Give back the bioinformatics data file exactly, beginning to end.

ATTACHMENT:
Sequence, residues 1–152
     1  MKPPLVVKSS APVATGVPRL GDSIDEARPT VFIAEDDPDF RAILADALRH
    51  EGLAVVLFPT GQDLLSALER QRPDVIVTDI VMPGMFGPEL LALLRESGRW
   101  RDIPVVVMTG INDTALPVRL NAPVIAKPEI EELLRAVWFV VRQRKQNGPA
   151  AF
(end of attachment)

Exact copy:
Sequence, residues 1–152
     1  MKPPLVVKSS APVATGVPRL GDSIDEARPT VFIAEDDPDF RAILADALRH
    51  EGLAVVLFPT GQDLLSALER QRPDVIVTDI VMPGMFGPEL LALLRESGRW
   101  RDIPVVVMTG INDTALPVRL NAPVIAKPEI EELLRAVWFV VRQRKQNGPA
   151  AF